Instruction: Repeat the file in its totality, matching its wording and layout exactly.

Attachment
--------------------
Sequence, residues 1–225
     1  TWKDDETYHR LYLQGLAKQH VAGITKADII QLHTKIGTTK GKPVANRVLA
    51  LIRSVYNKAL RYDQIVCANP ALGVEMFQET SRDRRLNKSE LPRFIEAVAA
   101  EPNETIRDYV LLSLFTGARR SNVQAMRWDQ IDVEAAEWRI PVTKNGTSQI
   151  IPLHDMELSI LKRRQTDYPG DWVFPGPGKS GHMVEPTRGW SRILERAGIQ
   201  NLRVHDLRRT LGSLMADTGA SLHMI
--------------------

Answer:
Sequence, residues 1–225
     1  TWKDDETYHR LYLQGLAKQH VAGITKADII QLHTKIGTTK GKPVANRVLA
    51  LIRSVYNKAL RYDQIVCANP ALGVEMFQET SRDRRLNKSE LPRFIEAVAA
   101  EPNETIRDYV LLSLFTGARR SNVQAMRWDQ IDVEAAEWRI PVTKNGTSQI
   151  IPLHDMELSI LKRRQTDYPG DWVFPGPGKS GHMVEPTRGW SRILERAGIQ
   201  NLRVHDLRRT LGSLMADTGA SLHMI